The music began last night with the opera house (in this case, a church) plunged in darkness, except for a few lights burning above the stage (the main altar). The only figure that could be seen was a conductor (Doris Mattingly) giving cues to an organist, invisible behind a screen, and a chorus, scattered in the darkness.
A low bass note from the organ rumbled like an earthquake, with fragments of melody springing from the organ like tongues of fire. Somewhere, a wordless chorus sang disjointed phrases that merged slowly into a sound that might be a wind rushing down from heaven. Figures appeared out of the darkness, dressed in modern casual clothes and making their way slowly toward the altar, where they milled about singing a clashing babel of hymns: "Ave Maria," "A Mighty Fortress," "O Holy Night," and others. Gradually, a sort of order was established, and an anonymous voice proclaimed, "These people must be drunk."
Such was the beginning and the most striking segment of "Acts II," by Alan Wittrup, a religious-theatrical piece that had its world premiere last night at St. Thomas More Cathedral in Arlington. Its subject is the first Pentecost, as narrated in the Acts of the Apostles: a crowd gathering and hearing the apostles speaking in tongues, a sermon by St. Peter in response to the charge of drunkenness, and the crowd's reaction to the sermon. The music ends with the chorus singing the "Gloria" from the mass, in a well-crafted new setting of the traditional Latin text.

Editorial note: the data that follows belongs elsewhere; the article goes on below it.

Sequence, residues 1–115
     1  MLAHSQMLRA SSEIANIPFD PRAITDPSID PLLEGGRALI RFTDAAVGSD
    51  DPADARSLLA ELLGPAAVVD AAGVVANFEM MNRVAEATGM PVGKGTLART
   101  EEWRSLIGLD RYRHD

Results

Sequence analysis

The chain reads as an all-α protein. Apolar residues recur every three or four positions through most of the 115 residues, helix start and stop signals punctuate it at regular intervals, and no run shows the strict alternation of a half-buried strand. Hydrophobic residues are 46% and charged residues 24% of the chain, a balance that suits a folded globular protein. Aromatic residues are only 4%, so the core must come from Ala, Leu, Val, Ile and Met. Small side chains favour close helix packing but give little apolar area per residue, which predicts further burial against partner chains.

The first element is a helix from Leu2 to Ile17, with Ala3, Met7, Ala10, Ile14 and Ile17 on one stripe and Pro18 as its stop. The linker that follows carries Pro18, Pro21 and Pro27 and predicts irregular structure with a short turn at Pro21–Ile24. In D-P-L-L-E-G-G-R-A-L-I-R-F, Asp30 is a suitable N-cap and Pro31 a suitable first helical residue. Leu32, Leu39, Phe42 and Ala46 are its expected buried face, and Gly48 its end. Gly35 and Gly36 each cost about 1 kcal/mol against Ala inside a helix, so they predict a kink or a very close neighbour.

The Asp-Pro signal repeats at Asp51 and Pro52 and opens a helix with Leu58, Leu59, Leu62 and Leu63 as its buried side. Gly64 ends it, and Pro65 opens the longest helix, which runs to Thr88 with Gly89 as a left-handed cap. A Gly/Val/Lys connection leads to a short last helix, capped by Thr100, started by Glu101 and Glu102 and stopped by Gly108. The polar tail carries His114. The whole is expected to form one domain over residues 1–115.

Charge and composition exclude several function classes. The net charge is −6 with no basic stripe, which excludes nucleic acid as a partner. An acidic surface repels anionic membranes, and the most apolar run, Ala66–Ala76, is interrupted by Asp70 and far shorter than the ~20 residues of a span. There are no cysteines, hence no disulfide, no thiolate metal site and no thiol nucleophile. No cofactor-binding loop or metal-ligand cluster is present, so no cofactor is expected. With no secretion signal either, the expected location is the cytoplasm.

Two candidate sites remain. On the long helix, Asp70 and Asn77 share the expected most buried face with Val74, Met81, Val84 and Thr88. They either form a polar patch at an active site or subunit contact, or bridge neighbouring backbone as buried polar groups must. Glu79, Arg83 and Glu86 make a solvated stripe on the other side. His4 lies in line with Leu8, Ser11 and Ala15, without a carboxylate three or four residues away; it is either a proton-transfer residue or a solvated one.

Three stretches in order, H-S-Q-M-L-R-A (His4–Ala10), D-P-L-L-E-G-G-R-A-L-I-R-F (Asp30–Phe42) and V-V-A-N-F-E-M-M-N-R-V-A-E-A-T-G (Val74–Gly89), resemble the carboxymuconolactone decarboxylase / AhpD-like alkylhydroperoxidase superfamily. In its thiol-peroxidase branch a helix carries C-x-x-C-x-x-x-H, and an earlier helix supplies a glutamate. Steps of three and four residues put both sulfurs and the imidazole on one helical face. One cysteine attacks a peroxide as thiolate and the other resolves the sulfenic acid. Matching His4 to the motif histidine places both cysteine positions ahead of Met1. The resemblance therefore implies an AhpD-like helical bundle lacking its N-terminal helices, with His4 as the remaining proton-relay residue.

The best religious music goes beyond sect and ceremony and speaks to all men in a universal language. "Acts II" does that at its beginning and end, but not in the middle section, which is devoted to Christian apologetics in a rather specialized form. It is not really an opera, and probably does not need professional singers, although it was produced for its premiere performance by the Opera Theatre of Washington. Baritone Henry Burroughs stood out among the generally good performers.
The evening opened with Debussy's moving and seldom heard cantata "The Prodigal Son," dramatically interpreted by soprano Marguerita Kris, tenor Gerald Chatlos and baritone Sterling Scroggins. All three sang well enough, but the soprano stood out, with a large, rich tone that made the cathedral reverberate impressively.